On the 20th month anniversary of Joe Boever’s death, South Dakota lawmakers set out to decide whether the man who killed him, Attorney General Jason Ravnsborg, should be impeached.
The House of Representatives convened Tuesday at the state Capitol, and after an hour of speeches, Ravnsborg became the first state official in South Dakota history to be impeached.
From the crash itself to the political fallout after, the Ravnsborg-Boever saga has pitted Republican lawmakers against one another while keeping a spotlight on Ravnsborg during the second half of his first term in office and a mourning family caught in the middle.
Here’s a recap of how it all unfolded:
Sept. 12, 2020: Ravnsborg is driving a 2011 Ford Taurus westbound on U.S. Highway 14 when he strikes Boever at approximately 10:30 p.m.
He calls 911, reporting he hit “something” in “the middle of the road,” but he didn’t know what. State officials later release this audio.
Sept. 13, 2020: Highway Patrol is notified of the crash Sunday morning.
Gov. Kristi Noem holds an unscheduled press conference Sunday evening in Sioux Falls. During remarks that last 3 minutes, she and Public Safety Secretary Craig Price say Ravnsborg was involved in a crash, and “there was a fatality.” She says Highway Patrol will handle the investigation overseen by Price. Few details are released as officials cite the ongoing investigation.
Sept. 14, 2020: Ravnsborg releases a two-page statement to dispel “many rumors and stories” circulating about the crash. In it, he outlines his perspective on the circumstances surrounding the incident, saying he thought he hit a deer and didn’t discover Boever’s body until Sunday morning. Ravnsborg’s statement has not been corroborated by officials.
Also on Monday, relatives of Boever confirm he was the victim of the crash and say they believe he was walking to his broken-down truck when he was hit.
The Argus Leader also learns that Ravnsborg has a history of speeding.
The Argus Leader asks for more details from state officials, Ravnsborg himself and Hyde County Sheriff Mike Volek, who responded to the crash that night. All give no comment.
Sept. 15, 2020: Noem and Price again address media, promising a higher-than-typical level of transparency in the Ravnsborg investigation. In the same press conference, they release few new details, but say agencies in North Dakota, Wyoming and Minnesota are helping in the investigation.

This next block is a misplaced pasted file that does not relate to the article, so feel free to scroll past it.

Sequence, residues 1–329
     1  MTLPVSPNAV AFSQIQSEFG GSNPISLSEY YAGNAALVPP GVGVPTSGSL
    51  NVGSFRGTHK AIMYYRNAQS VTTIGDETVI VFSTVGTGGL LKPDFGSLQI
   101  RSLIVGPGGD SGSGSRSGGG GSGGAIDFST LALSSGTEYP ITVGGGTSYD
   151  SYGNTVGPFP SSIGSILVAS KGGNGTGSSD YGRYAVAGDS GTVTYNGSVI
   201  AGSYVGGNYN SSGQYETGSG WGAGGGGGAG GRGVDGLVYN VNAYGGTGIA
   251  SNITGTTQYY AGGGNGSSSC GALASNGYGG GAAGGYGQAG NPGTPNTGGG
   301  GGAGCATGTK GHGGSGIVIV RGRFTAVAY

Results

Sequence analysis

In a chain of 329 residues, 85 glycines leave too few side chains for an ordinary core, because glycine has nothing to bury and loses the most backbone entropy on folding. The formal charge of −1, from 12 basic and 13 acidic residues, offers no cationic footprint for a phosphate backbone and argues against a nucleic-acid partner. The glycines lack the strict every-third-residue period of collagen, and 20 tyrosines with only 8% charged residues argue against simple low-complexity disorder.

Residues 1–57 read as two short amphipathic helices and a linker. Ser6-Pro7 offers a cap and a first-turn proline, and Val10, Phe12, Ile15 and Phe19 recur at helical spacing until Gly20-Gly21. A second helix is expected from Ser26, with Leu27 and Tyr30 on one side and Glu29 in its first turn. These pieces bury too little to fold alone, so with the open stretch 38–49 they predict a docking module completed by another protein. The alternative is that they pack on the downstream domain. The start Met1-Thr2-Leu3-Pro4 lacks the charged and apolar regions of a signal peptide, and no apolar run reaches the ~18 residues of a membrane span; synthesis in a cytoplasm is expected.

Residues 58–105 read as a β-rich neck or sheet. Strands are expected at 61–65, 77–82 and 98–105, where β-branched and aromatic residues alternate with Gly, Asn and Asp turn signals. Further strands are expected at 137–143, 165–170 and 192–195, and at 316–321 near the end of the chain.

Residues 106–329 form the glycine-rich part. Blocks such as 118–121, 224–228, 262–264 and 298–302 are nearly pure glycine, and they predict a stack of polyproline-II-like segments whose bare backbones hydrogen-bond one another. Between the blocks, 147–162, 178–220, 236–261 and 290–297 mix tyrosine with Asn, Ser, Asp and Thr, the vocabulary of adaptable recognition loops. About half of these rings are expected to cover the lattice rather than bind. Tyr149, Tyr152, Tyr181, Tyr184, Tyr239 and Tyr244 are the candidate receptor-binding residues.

Sept. 18, 2020: The Argus Leader publishes a story looking at the role of the Hyde County sheriff in Ravnsborg’s case and investigation. Sheriff Volek again declines to comment.
Oct. 13, 2020: One month after the crash, the governor and the public safety secretary provide an update on the investigation’s progress. They say it’s still ongoing, but are able to release the 911 call and toxicology report for Ravnsborg and cause of death for Boever.
Oct. 14, 2020: Highway Patrol declines to release the exact time of the 911 call, stating it’s part of the “ongoing investigation.”
Nov. 2, 2020: Price, in a news conference with Gov. Noem at his side, tells reporters the investigation determined Ravnsborg was distracted at the time of the crash, though he declined to describe the nature of the distraction.
According to Highway Patrol’s crash report, released ahead of the press conference, Ravnsborg’s vehicle left the driving lane before striking Boever, who was in the north shoulder of Highway 14 near Highmore when the crash occurred. The investigation also determined Boever was holding a flashlight when he was struck, Price said.
Dec. 16, 2020: Ravnsborg speaks publicly for the first time since the crash, telling reporters he’s confident he did not commit a crime the night of the crash.
“I believe I have not committed any crime. I believe that we will, when we have all the facts, not a selected amount of facts, we’ll know the full story and we’ll make a full statement,” he said.
Dec. 23, 2020: Gov. Noem is not happy with the progress in the case.
After more than three months pass since crash, the governor tells the Argus Leader she isn’t happy that South Dakotans still don’t know if their attorney general will be charged criminally.
The Hyde County State’s Attorney’s Office, being assisted by prosecutors from Beadle, Minnehaha and Pennington Counties, have yet to determine whether the attorney general will be indicted on any charges related Boever’s death.
“I share South Dakotans’ frustration about the amount of time that has taken,” Noem said. “To have more than 100 days go by without resolution on this is a disservice to the victim’s family.”
Led by deputy state’s attorney Emily Sovell, the Hyde County State’s Attorney’s Office isn’t talking.
Dec. 28, 2020: Prosecutors announce they are waiting for testing results on a piece of debris found at the crash scene.